The improvement in respiratory function is good to excellent in 85-95% of dogs who have early intervention with surgical correction. However, while we can improve their respiratory function, there are some aspects we cannot change with surgery and some dogs will still have clinical signs that may worsen over time.

What happens during a BOAS surgery?

A pre-operative chest x-ray is taken to make sure there are no signs of aspiration pneumonia (lung infection) prior to anaesthesia.

  1. Widening of the nostrils: stenotic nares are corrected by removing a wedge of tissue from each nostril. They have a few dissolvable stitches, which do not need to be removed.  A newer procedure is available now which removes more of the nasal passage tissue (vestibulotomy) and the edges (wings) of the nostril are removed allowing even more airflow through the nostrils. This procedure involves no sutures so there will be some nasal discharge for the first two weeks. The edge heals and initially looks slightly pink, which eventually changes back to the normal colour of the nose (black).
  2. The elongated soft palate is surgically trimmed, thinned, and sutured with dissolvable sutures.
  3. Larngeal saccules: are trimmed, so they no longer sit in the airway blocking it.

Recovery and outcome after BOAS surgery

All patients must be monitored very closely immediately after surgery. Significant inflammation or bleeding can obstruct the airway, making breathing difficult or impossible. Occasionally a tube must be placed and maintained through an incision in the neck into the trachea (temporary tracheostomy) until the swelling in the throat subsides enough that the pet can breathe normally. The risk of complications is increased if the surgery is done after 1-2 years of age, when there are secondary changes present, in particular laryngeal collapse.

Patients are usually observed in the hospital for at least 24-36 hours. Post-operative coughing and gagging are common.

The prognosis is good for young animals. They generally will breathe much easier and with significantly reduced respiratory distress. Their activity level can markedly improve. Older animals may have a less favourable prognosis, especially if the process of laryngeal collapse has already started. If laryngeal collapse is advanced, the prognosis is poor.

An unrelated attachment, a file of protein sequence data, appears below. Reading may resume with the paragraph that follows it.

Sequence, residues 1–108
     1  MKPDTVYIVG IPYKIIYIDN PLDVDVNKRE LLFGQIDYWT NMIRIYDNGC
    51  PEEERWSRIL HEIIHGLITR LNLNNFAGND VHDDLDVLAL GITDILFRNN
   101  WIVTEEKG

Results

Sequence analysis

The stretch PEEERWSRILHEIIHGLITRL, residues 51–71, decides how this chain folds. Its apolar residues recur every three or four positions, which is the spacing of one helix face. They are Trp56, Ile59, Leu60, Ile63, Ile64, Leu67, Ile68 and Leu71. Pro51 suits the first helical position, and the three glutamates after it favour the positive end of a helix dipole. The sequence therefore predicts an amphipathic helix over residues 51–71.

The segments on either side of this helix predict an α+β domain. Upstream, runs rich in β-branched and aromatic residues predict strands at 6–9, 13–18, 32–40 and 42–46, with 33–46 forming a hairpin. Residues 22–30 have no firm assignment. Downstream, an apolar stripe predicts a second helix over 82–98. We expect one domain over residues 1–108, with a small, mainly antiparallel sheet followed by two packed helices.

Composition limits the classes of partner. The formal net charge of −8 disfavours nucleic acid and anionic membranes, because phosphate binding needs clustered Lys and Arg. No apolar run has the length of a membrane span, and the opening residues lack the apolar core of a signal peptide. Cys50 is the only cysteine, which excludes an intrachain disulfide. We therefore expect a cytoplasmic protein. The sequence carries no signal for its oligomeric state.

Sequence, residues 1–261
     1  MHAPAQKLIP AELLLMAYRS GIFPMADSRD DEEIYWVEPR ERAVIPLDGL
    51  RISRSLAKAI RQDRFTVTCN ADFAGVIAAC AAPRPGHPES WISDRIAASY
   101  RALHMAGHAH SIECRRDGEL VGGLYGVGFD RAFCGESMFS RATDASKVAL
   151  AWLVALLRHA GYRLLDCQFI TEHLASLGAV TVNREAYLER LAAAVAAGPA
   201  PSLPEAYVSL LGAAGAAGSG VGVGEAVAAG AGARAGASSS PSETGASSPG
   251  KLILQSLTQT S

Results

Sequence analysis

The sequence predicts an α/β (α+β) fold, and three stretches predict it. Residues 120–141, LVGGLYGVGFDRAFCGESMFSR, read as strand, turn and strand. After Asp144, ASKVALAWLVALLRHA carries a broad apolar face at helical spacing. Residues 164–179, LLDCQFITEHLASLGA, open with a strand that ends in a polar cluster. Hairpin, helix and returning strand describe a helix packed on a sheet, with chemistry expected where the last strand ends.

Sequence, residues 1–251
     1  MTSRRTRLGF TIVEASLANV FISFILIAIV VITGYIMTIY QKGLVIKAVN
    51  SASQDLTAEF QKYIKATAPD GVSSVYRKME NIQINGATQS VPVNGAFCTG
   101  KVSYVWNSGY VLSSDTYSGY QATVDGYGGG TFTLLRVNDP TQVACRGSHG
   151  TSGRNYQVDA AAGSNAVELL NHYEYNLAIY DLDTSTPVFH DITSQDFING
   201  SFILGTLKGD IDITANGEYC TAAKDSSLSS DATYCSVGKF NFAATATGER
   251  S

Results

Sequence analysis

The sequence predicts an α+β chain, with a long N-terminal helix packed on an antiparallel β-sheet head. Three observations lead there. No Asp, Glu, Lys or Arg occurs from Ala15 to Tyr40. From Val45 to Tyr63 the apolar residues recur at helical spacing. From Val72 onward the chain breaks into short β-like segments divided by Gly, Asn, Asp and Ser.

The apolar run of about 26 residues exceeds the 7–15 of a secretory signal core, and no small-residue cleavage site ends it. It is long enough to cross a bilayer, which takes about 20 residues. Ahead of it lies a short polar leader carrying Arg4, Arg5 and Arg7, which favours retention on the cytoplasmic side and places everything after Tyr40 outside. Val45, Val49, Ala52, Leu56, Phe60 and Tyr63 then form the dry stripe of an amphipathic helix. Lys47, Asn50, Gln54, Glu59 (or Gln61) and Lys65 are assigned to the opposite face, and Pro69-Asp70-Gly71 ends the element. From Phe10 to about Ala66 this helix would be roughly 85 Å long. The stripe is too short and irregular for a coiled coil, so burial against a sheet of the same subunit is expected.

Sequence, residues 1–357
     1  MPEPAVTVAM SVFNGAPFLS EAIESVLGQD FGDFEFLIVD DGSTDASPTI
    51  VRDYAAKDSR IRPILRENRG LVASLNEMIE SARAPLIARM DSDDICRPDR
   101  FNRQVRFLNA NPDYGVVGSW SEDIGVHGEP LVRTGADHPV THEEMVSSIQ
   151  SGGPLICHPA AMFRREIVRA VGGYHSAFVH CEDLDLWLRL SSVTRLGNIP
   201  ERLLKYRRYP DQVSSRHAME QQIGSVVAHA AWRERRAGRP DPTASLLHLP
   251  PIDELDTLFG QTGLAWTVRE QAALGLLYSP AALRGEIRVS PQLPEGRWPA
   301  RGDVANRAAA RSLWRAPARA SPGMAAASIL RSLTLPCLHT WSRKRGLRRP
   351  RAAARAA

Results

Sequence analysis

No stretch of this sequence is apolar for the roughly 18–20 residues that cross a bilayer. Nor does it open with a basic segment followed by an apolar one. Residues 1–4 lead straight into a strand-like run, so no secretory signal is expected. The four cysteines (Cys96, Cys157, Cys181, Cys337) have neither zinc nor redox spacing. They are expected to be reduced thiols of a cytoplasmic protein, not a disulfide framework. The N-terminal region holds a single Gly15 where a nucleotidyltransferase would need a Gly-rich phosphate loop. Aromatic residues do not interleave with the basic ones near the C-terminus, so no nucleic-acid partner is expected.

Patients are transferred to the Northside Emergency Vet Service for overnight monitoring as a precaution, and are returned to Allambie Vet the following morning. Patients are often discharged from our hospital that day.

What are the risks with BOAS surgery?

In a small number of cases if significant post-operative inflammation occurs, our initial approach is to re-anaesthetise the patient and pack the pharynx with swabs soaked in hyper osmotic solution to help reduce the swelling, this resolves the issue in most cases. Occasionally (around 5% of cases), if the swelling does not resolve, a tube must be placed and maintained through a small incision in the neck into the trachea (temporary tracheostomy) until the swelling in the pharynx subsides enough that the patient can breathe normally. This can take 2-3 days. This happens in a small number of cases- and is typically related to the severity of the condition- but does add significantly to the care required for the patient and there will be additional costs for placing the tube and care at the afterhours center.

Regurgitation is common in dogs with brachycephalic airway disease and can complicate recovery from airway surgery by increasing inflammation in the airway and can lead to aspiration pneumonia (severe lung infection requiring hospitalisation until better).

We take precautions to reduce the risk of this happening with pre- operative antacid medications, anxiety relief medications (if needed), special care during anaesthesia and recovery.

Important information to know prior to BOAS surgery at Allambie Vet

A consult prior to surgery is recommended so the veterinarian can assess the overall health of your dog, address any reflux issues, go through the procedure, and give an estimate prior to booking the surgery.

Patients being booked in for airway surgery need to start an antacid medication 3 days prior to surgery. This medication helps reduce acidity if reflux occurs. Most French bulldogs will have reflux post surgery.

Our veterinarians Dr Jane, Dr Linda and Dr Kate currently perform Brachycephalic Airway Surgery. These surgeries are scheduled for Mondays, Tuesdays or Thursdays.

If you have any questions regarding Brachycephalic Obstructive Airway Syndrome, please do not hastate to contact Allambie Vet on 9905 0505.